Q44              The Lord Bishop of Worcester: Thank you very much indeed for your evidence so far. It has been fascinating. I represent the faith sector, not known for its technical innovation, but the pandemic thrust even the church from a 1960s Odeon culture—“This is the film, this is what time it is on and this is where it is on”—to a Netflix and Amazon Prime culture, where you can have any kind of worship at any time you want, from anywhere in the world. That made me more aware of what is offered elsewhere in the world. That is a way into asking you about how the UK compares with other countries currently.

Witnesses recently told us that many countries regard the UK as a leader in the creative sector, but there were several risks to its continued success, including talent-poaching from competitors, a lack of join-up between the development of skills and the opportunity to use them, a general lack of digital literacy and a whole raft of things. Can I ask about how you see the UK in comparison with other countries at the moment in this whole area? What are the risks to its position?

Chance Coughenour: The UK is a global leader—it has been and will still be, going forward—in the innovative and creative industry space, particularly in projects that I worked on related to cultural heritage preservation.

I will give an example. We did a project that was, essentially, looking at the impacts of climate change through the lens of cultural heritage. We did this at five locations around the world. The UK was one of them. Our local partner was Historic Environment Scotland. When we worked with them, as opposed to in Tanzania, Bangladesh, Peru and Rapa Nui, we helped sponsor teams and efforts with the local community to digitise their sites, create 3D models and collect the data to understand how to mitigate and protect their cultural heritage sites.

We found with Historic Environment Scotland that they were the leading part of that board, committee or group that we found. It then followed on with UK funding to connect Historic Environment Scotland with one of the sites after that. We saw that it received local funding to continue its workwhich was at the site of Kilwa Kisiwani in Tanzania, for the record. I have witnessed that the UK is certainly going forward and looking forward to working with many institutions as it does that.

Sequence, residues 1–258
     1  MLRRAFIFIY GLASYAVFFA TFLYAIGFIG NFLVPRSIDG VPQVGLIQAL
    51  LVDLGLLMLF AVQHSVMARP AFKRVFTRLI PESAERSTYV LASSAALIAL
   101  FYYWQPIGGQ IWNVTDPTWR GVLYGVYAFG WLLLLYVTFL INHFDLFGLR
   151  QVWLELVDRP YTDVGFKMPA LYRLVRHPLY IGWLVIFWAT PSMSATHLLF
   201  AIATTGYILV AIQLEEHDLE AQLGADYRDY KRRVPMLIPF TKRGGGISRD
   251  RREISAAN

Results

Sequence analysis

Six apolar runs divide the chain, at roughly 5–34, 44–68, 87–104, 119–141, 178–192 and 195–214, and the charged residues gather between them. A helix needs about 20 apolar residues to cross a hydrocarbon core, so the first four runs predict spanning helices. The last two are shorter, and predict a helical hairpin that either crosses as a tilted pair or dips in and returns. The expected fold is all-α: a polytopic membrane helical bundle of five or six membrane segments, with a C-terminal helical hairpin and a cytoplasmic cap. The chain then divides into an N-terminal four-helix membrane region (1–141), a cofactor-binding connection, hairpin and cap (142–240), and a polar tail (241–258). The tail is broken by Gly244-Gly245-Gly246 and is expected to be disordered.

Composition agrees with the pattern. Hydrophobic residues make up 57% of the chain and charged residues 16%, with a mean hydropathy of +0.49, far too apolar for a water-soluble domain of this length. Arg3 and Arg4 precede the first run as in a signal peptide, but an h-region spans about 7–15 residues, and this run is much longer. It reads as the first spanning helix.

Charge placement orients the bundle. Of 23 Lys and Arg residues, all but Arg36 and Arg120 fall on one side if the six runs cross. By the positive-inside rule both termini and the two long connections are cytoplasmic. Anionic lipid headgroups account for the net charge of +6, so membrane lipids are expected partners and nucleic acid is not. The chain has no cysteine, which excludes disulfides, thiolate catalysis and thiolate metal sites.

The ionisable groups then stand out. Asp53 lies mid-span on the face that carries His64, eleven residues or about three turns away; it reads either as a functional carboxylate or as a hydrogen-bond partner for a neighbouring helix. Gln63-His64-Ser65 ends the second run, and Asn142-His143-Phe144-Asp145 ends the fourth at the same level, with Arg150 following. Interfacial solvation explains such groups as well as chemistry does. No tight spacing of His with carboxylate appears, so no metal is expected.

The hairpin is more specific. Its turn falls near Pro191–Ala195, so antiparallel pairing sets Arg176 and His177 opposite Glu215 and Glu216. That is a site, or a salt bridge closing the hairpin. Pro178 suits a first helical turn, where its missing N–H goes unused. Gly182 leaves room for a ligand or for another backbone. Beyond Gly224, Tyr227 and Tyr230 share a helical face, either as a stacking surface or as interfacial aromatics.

The Lord Bishop of Worcester: Can I just ask you to articulate risks to the UK’s position?

Professor Melissa Terras: Risks are Brexit and our relationship with Europe. We are world-leading at the moment, but, with the current issues that are facing all businesses—not being able to tap into the European market or to send musicians across Europe on tours and things like that—there are very concrete problems with the creative industries and our relationship with Europe.

I would point to the EIT Culture and Creativity,[7] which is a 15-year, £150 million programme that has just been awarded by the European Union. The University of Edinburgh is part of that. We are tapped into those networks through Una Europa,[8] but a lot of partners throughout the UK are no longer able to apply for that type of funding, because of the funding structures that are in place post Brexit.

The Lord Bishop of Worcester: Sorry, I cut you off. You did not talk about the general position so far.

Professor Melissa Terras: We are absolutely world-leading and there have been pockets of great innovation, especially over the past five or 10 years. Pre pandemic, we were absolutely world-leading, and we saw that with the resources that are in place. Throughout the pandemic, we were able to be on the front foot.

There is a danger there when we are the people who are always broadcasting the culture and heritage to the rest of the world, and there has to be reciprocation if we want to make sure that that is a more balanced conversation, especially with a lot of the very live discussions about how we engage with a post-empire and post-Commonwealth world in some places.

There would be further opportunity both to help and support, and even to be putting funding into a lot of international initiatives for digital. The UK has not necessarily done that in supporting many cultures and institutions that cannot provide it themselves. There is huge room to build those reciprocal relationships, which involve technology and skills, so that we can do that transfer between the two.

Rishi Coupland: I definitely support the idea of us being world-leading. We did a research project with DCMS last year, which was in 15 international territories. There were huge surveys and focus groups, and we also scraped social media accounts in those countries, to answer the question, in this case, “What do people think of film, TV and video games that come from the UK?”

The answers were very instructive. UK content across a huge swathe of countries is valued and is seen as being distinct and different, especially on film and TV. Words such as “intelligent” and “funny” are ones that people associate with it. We like to feel good about ourselves, but this is what came back from the objective research, and we were only second behind the US overall.